To All Parents, During Cold and Flu Season

The world slept hard as a sick child lay on my chest as I rocked miles. As I gave baths at three a.m. because the fever that I thought had left crept back up while I was passed out in their glider rocker.

This is overtime for parents. Overtime that can last for weeks solid at a time.

And that’s not to mention what it’s like when we are sick while our children are healthy, and running miles around us while we melt and die on the sofa.

If I think back to my childhood, some of my most important memories were from when I was sick. I vividly remember my mother chasing my around the coffee table or trying to hide medicine in my peanut butter and jelly sandwich. She was just trying to get an antibiotic or some Dimetapp in me. Now, I want to slap four year old me hard. I was such an ingrate.

I remember my dad holding my hair when I was holding on for dear life to the beige toilet in my bathroom, throwing up my guts.

I realize that hey, my parents really DID love me. I mean, like, really REALLY love me. Enough to get near my vomit. Enough to let me sleep in their bed when my body was a furnace, and I’m sure I kicked the crap out of their sides all night and then woke them up early because I needed gingerale and cartoons.

Parents are sort of magical that way.

I wouldn’t clean up the Queen of England’s puke. But I’ll do it for my children.

So, in this season, parents, where play dates at Chick Fil A can result in a cold and fever three days later. Where you want to dump hand sanitizer all over your child, cancel every play date until April and fumigate your home because you can’t take one more day, one more germ. In yet another hectic season for you where something seemingly small becomes something insurmountable, you just have to remember one simple truth.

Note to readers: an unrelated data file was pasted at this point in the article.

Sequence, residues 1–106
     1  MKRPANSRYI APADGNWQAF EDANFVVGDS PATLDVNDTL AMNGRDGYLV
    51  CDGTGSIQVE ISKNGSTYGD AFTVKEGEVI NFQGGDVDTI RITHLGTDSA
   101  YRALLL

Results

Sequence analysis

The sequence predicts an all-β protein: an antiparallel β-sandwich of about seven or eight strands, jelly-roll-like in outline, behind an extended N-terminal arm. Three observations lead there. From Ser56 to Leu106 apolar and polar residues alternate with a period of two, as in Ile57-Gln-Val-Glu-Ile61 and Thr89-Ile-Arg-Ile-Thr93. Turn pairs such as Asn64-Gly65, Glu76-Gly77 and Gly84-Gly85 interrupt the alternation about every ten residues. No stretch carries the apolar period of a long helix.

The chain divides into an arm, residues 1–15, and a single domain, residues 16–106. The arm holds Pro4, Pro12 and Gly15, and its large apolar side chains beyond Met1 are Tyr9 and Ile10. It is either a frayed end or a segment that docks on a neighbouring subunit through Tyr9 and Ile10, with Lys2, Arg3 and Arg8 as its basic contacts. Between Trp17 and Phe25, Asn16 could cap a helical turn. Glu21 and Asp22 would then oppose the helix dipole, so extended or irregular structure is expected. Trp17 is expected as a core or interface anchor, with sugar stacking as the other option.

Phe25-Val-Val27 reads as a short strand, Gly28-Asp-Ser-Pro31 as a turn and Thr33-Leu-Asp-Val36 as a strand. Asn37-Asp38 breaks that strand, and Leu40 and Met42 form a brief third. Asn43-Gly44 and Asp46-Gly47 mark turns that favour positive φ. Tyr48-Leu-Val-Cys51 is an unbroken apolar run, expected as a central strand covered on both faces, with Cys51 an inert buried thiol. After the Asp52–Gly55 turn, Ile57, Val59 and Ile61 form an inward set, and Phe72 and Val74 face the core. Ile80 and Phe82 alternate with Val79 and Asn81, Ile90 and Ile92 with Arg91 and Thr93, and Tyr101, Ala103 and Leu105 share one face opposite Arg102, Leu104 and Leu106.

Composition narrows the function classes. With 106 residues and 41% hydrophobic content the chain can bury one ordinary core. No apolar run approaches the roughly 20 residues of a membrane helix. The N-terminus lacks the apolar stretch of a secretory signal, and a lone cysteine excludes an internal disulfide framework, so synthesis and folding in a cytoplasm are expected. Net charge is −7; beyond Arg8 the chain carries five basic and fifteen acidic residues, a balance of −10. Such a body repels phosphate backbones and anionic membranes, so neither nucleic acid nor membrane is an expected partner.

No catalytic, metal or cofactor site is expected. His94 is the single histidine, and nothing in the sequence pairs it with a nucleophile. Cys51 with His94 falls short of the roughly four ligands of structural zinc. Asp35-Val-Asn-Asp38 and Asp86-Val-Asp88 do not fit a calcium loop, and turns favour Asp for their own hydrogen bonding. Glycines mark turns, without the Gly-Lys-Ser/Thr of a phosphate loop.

What you do matters.

The hands that care are the hands that say ‘I love you. Even enough to let you puke in my hair.’

In the early hours of the morning. At the doctors office on a Tuesday. At the side of their bed, or when rocking them to sleep.

It all matters.



This article originally appeared at This Heart.

Ashley LeCompte
Ashley LeCompte
Ashley LeCompte is a Jesus follower, the wife to a Marine vet and a sometimes disorganized but usually joyful mother to three kids. Save for a brief sojourn in San Diego, she has spent her life in the cornfields of rural Maryland. Her pet peeves include chronically high grocery bills, everything children do with toothpaste, and people at Starbucks who take too long to order. She's armed with a sense of humor, her minivan and a cup of coffee. In her free time, she enjoys photography, reading novels and eating chocolate frosting straight out of the container. Ashley blogs at This Heart.

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